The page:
Schoolgirls thwart dognapping gang by figuring out their secret code

Two schoolgirls have foiled a gang’s attempts to steal beloved household pets by figuring out the secret code being used to identify homes with a dog. 

Friends Sophie and Danielle, both 10, noticed that dognappers were tying zip ties around the bins of properties with animals so went around cutting them off near where they live in Sutton, north Dublin, Ireland. 

The pair collected dozens of the black ties as they spent hours protecting neighbours from the heartless gangs. 

Criminals were also using chalk to signal whether the homeowner is elderly, lives alone, or has a house alarm.

Sophie’s mum Sarah posted a photo of the girls’ haul as a warning to dog owners in the area to stay vigilant, Dublin Live reports. 

She wrote: ‘Sophie and Danielle just cut these zip ties off the bins in the estate this morning!! Watch your pets.’

Thefts of dogs have increased rapidly during the coronavirus lockdown due to a rise in demand for puppies pushing up prices. 

Gangs are targeting mostly pedigree and working dogs, with some being sold for thousands of pounds.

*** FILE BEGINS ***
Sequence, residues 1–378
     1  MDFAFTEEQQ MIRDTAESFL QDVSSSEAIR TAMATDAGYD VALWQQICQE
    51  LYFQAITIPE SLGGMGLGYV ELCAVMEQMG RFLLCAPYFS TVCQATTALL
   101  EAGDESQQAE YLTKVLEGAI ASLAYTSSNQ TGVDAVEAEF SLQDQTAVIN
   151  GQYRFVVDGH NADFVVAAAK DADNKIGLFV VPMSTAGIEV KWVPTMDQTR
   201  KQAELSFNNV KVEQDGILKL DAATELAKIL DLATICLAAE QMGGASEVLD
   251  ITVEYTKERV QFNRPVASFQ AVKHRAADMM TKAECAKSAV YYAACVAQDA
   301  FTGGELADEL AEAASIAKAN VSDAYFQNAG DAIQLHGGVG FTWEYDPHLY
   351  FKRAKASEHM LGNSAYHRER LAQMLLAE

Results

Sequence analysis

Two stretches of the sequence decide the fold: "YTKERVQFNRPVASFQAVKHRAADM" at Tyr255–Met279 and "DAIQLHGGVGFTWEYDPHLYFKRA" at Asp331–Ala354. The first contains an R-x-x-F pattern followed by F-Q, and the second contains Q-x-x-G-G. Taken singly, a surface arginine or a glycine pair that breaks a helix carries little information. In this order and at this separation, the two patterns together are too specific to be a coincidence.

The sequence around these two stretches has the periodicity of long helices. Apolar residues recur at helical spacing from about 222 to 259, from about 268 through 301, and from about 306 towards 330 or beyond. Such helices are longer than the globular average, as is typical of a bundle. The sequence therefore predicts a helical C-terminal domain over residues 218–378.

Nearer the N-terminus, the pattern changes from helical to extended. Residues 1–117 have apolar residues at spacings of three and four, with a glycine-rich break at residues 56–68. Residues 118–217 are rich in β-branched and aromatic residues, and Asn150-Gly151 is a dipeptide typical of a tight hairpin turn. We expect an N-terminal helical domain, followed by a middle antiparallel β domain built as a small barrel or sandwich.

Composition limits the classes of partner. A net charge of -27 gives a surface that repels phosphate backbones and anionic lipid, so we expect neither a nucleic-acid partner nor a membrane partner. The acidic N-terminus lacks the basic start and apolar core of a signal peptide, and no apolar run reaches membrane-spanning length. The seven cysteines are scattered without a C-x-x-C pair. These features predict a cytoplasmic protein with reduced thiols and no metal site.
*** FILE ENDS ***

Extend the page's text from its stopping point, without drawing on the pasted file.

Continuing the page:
The youngsters became aware of the growing problem after overhearing mum and her friend, also called Sarah, discussing what was happening. 

Sarah’s neighbour had been walking her golden retriever when a van pulled up beside them.

While one of the occupants distracted the woman for a moment, another man jumped out of the van and tried to wrestle the dog into the back. This attempt was stopped by a passerby who saw the commotion and caused the men to speed off without the pet. 

In the past two months, 40 dogs have been taken in Norfolk, Suffolk and Cambridgeshire, including several cocker spaniels.

In Lancashire, 22 dogs, including two litters of puppies, were taken in a raid on a breeder’s kennels.

The charity DogLost says dog thefts went up by 65% between March 23, when lockdown was announced, and June 1, compared with the same time last year.

Some have suggested owners change their dog-walking patterns because gangs could be watching popular routes to identify their next target. 

A petition calling on the Government to make pet theft a specific offence has now gathered more than 123,000 signatures, passing the threshold needed to get a debate in parliament. 

Currently pets are legally regarded as inanimate objects when stolen, meaning they are akin to a mobile phone or television. 

A change in the law would mean thieves are given a minimum of two years in custody as a starting point for sentencing. Currently some can get away with just a fine. 

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